Anton Harber and others have written at length on the resource challenges facing the South African media. I’m not going to traverse their arguments in any depth. But we are facing severe challenges. Advertising from the private sector has to a large extent moved away from hard news reporting. Classified advertising, the lifeblood of many newspapers, has largely moved to Gumtree. Government advertising appears to come with a string attached: loyalty to the government, as shown by the scandal of The New Age receiving nearly as much advertising as The Sowetan, despite the latter having more than 10 times the number of readers. We have the takeover of Independent Newspapers from one unsatisfactory proprietor that was bleeding it dry by another unsatisfactory one, who uses the Cape Times and other titles for self-promotion.

And because of the increased financial constraints on newsrooms, we have an explosion of opinion websites. Hard news is often expensive. It takes reporter time and transport costs to put together hard news stories. (It can also take experience and perseverance as when Greg Marinovich exposed the truth behind the Marikana massacre.) Now more opinion and analysis is not a bad thing at all. But opinion decoupled from hard news is a problem, because it means that opinion and analysis becomes skewed to the few remaining news priorities like the Pistorius case, and it can often be uninformed on important but harder to report, or less profitable, news stories, which have been ignored.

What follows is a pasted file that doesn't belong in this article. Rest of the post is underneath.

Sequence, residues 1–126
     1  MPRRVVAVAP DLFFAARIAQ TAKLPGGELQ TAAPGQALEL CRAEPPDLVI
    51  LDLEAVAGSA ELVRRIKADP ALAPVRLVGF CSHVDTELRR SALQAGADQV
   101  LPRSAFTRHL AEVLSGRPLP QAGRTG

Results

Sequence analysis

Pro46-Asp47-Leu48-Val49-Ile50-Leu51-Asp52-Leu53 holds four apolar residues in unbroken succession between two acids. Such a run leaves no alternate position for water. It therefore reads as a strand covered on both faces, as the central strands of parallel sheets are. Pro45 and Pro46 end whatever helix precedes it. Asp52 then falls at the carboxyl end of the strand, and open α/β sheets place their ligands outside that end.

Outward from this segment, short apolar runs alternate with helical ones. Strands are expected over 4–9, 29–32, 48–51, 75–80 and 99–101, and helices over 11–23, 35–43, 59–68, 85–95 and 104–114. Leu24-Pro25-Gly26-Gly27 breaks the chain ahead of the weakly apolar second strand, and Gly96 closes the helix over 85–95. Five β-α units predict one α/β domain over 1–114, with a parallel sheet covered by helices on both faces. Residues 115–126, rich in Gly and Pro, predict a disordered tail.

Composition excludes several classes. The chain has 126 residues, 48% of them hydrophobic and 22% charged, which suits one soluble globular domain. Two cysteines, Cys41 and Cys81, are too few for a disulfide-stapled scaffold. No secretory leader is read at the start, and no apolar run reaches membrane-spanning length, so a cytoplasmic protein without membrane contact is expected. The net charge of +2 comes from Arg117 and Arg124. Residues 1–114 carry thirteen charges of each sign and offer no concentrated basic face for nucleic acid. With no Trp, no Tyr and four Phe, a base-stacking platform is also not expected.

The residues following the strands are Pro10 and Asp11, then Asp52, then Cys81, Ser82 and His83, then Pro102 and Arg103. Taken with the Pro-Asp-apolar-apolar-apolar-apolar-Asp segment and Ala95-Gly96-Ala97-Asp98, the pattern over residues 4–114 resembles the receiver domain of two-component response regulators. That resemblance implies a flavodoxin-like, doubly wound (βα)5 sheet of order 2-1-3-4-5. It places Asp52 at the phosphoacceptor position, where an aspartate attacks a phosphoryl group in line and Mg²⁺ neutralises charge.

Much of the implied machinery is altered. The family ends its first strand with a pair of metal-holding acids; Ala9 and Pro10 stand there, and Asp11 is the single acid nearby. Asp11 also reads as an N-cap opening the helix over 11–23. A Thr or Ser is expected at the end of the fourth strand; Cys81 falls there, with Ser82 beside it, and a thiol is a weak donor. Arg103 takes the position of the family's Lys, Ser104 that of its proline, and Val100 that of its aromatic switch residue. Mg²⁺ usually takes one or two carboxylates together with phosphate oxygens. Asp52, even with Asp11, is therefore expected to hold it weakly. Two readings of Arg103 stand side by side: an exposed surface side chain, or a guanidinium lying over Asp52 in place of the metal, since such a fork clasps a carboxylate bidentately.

These problems are not unique to South Africa. Publications across the world face them. How does hard news make a profit or even break even in the age of the internet?

A few publications such as GroundUp, AmaBhungane and Health-e are pursuing a different model. Like This American Life we’re relying on donations to support our work, and consequently we’re largely free to report stories that we think are important. Our model doesn’t come without problems either. And how sustainable our organisations are for the long run is an open question.

Despite these resource constraints, the need for hard news reporting is as great as ever. For those of you who want to become investigative reporters, there is so much possibility, and many lifetimes worth of fascinating, important and society-changing news stories to report today. There are reporting institutions in South Africa that offer opportunities to do great stories. I hope some of you will take these opportunities, and go on to be excellent journalists whose stories change the world. DM

The author is the editor of GroundUp.